9 October 2018
Technology, we all have it, use it, and love it. The chapter called “Public Thinking” in Clive Thompson’s book, Smarter than you think, talks about how public thinking on the internet has plenty major benefits because people are writing more frequently, and perhaps, more intelligently too. As a child Clive Thompson grew up fascinated by new technology and computers. As he continued to get older he became a writer for New York Times Magazine and a columnist for Wired. His passion for writing combined with his obsession of the internet led him to writing his book Smarter Than You Think. Chapter two of his book specifically entails how and why the internet actually benefits society contrary to popular belief. For example, it has made our thoughts become more clear and cognitive, it improves the way we write because of the audience we are writing for, and it expands our social connections and knowledge. Many people may argue that the internet has made individuals less intelligent but according to Thompson, they are wrong. He makes many interesting and important claims that people may not have thought of before, but he also carefully uses rebuttals so that the argument is not one sided or bias. This chapter is also filled with different types of evidence and reasoning as to why his side of the argument is the correct one. It gets the readers thinking about things they might not have ever thought of before reading this. In this paper I will evaluate and analyze Thompson’s main claims, discuss rebuttals, and inspect his strengths and weaknesses.
In this excerpt from Thompson’s book, he argues that the internet allows us to write more now than we ever have previously. This has become a resource for people all over the world and it is so easily accessible that people are writing without even noticing it. He uses a personal anecdote to justify this claim. Thompson also uses an effective strategy of comparing how much we write now versus how much we wrote back when writing letters was the main form of communication. He did this because it closely relates to the argument and what he is talking about. For example, Thompson asked his mother how much she actually wrote in the fantasized letter writing days and her response was “”Oh, never! I sign my name on checks or make lists-that’s about it”” (Thompson 50). Because he used an older figure to reference, readers are more likely to believe it is true because older people are always said to be wiser. This doubtlessly got a lot of readers to realize that we have access to write more now than back in the old days. They also most likely thought about their ancestors, and maybe even asked them how much they wrote back then. He also uses statistics about how much we write on the daily. He says “we compose 154 billion emails, more than 500 million tweets on Twitter, and over 1 million blog posts and 1.3 million blog comments on WordPress alone” (Thompson 46-47). This shows people the bigger picture about how often and how much we use the internet for writing every single day. The use of the large numbers grasps the reader’s attention because it gets them thinking about real statistics day to day. His main claim and choice of evidence were very thorough and thoughtful when it came down to the viewers perspective of the chapter.
Another one of Thomson’s main claims is that writing things down can improve the quality and clarity of our thoughts. Think about it, if songwriters thought of lyrics in their head and it was clear to them, they themselves wouldn’t even exist because they would just know the lyrics already without having to write them down. Have you ever written an essay perfectly in one go? This is why we write things down because the thoughts and ideas become jumbled in our brains if we don’t. Thompson often uses media discourse for his main claims so that his readers know exactly what is going on throughout the essay. It provides an organized piece of writing that is easy to follow and understand. This claim is also backed up by evidence which is an effective way to validate the point trying to me made. He uses a poet to back up this argument to establish credibility for the audience. The famous poet, Cecil Day-Lewis, says “We do not write in order to be understood; we write in order to understand” (Thompson 51). Since this quote is coming from someone who writes poems for a living, it shows that writing things down plays a huge role in clarifying your mind and is a big part of what writers do for their work. Using a poet as evidence is very powerful when it comes to converting the audience to Thompson’s side.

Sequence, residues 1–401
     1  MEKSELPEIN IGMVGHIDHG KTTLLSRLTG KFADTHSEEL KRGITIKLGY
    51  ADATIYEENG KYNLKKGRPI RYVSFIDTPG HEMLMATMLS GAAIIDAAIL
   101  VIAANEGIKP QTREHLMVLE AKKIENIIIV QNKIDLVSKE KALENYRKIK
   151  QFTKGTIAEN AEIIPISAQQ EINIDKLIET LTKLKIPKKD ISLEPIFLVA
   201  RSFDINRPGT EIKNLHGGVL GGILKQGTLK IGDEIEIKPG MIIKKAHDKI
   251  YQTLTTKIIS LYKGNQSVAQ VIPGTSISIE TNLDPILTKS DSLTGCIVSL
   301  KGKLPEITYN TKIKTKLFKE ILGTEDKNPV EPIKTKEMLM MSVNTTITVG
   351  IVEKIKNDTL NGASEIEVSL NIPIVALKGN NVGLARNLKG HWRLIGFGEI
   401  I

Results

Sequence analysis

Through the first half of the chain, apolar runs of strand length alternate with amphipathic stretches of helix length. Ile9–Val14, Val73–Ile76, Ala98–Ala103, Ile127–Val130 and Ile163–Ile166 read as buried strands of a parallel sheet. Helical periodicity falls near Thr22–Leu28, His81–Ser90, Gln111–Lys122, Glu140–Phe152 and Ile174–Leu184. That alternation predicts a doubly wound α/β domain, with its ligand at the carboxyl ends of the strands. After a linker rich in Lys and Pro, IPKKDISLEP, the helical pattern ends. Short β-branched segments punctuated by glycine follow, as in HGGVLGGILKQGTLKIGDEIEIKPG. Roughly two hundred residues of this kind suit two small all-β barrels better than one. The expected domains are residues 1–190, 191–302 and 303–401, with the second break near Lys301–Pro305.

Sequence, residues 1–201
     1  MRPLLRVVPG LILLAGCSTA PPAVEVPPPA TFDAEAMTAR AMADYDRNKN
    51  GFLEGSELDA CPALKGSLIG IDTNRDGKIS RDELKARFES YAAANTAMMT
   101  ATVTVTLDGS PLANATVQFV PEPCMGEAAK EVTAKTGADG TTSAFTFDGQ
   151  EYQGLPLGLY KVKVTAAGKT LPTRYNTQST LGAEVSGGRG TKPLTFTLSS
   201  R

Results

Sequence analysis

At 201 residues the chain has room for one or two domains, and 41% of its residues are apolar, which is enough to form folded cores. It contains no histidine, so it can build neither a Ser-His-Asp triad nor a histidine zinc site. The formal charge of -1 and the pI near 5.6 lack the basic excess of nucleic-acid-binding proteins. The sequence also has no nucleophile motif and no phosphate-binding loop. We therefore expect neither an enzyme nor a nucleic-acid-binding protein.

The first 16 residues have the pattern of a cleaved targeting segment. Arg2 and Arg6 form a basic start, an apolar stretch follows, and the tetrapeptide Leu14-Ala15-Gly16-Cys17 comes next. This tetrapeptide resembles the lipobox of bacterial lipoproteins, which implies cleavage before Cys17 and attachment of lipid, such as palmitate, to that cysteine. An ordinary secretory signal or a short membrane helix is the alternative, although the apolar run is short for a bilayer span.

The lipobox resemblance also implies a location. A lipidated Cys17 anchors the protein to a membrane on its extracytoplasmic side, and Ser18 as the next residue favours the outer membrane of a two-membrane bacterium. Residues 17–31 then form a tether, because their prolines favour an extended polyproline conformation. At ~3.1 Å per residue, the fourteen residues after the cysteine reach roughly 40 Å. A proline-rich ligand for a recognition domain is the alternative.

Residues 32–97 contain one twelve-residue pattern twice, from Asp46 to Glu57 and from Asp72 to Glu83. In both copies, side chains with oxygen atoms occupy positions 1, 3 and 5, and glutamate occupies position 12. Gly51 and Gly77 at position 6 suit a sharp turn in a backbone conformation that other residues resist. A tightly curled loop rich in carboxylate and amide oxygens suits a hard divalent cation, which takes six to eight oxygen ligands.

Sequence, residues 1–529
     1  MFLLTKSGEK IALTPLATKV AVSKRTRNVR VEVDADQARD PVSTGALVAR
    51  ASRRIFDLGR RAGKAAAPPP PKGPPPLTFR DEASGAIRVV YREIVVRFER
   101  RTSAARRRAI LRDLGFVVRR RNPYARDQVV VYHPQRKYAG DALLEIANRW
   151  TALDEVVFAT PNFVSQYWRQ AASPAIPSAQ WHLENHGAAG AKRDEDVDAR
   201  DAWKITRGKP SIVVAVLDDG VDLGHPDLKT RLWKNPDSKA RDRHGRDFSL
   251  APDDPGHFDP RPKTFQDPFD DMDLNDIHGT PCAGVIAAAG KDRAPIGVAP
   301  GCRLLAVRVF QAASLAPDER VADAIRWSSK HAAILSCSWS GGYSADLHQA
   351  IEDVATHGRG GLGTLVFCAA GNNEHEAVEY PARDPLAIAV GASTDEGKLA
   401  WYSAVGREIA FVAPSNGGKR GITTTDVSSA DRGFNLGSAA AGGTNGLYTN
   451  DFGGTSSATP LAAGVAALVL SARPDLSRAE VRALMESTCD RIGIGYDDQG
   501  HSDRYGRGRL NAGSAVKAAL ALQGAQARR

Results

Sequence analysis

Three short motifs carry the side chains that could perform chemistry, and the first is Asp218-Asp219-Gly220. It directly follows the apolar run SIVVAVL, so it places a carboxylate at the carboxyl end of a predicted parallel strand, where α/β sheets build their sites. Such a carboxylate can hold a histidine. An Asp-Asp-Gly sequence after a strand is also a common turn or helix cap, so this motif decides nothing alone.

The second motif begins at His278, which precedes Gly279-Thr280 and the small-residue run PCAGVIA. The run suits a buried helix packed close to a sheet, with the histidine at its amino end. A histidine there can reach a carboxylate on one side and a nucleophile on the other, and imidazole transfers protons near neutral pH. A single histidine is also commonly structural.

When it comes to having an audience, the mind works in a way that improves your writing because it knows that someone is going to view your work. Thompson states that even if the audience is not that large, it still makes a much bigger impact than no audience at all. This is another one of Thompson’s main claims in the text. Thompson uses many types of evidence to prove how writing things for an audience can improve the way we write. This is extremely important to the overall argument because when people use technology they tend to have an audience. This displays that one’s writing can take shape more clearly without thinking about it because they know they have an audience watching. One strategy that he uses is defining the term audience effect. He claims that “[s]ocial scientists call this the “audience effect” [which is] the shift in our performance when we know people are watching” (Thompson 54). Defining this gives people a clear vision of what the term means so that there is no confusion. This is a strong strategy to use because it establishes trustworthiness in the person reading the article. Thompson also uses a few case studies to prove the audience effect is true in most cases. Case studies are useful because they grab the reader’s attention and gets them wondering what the end result is going to come out to be. For this specific claim he uses many case studies, strategies, and facts. All of this evidence is appropriate and effective in order to get his central argument across. He reveals that “a group of Vanderbilt University professors in 2008 published a study” on three different groups of children (Thompson 55). The first group was instructed to solve a puzzle quietly to themselves, the second group was told to speak into a recording while solving the puzzle, and the third group had an audience of their mother while figuring the puzzle out. The results prove the audience effect because “the ones who were talking to a meaningful audience-Mom-did best of all” (Thompson 55). By explaining this experiment in such great detail the viewers are more susceptible to caring about and understanding the main claim. As you can see, the end result ended up favoring Thompson’s claim which justifies the readers if they have any disagreements. After making this claim Thompson provides a rebuttal for the audience to consider. “In live, face-to-face situations, like sports or live music, the audience effect often makes runners or musicians perform better, but it can sometimes psych them out and make them choke, too” (Thompson 54) says Thompson. He is addressing the counterargument that sometimes the audience effect is not always a good thing. However, he does not expand on the opposing side well enough to fully get the reader to come to their senses on his side of the argument. This claim was overall very well rounded, had a good amount of evidence, and provided a rebuttal.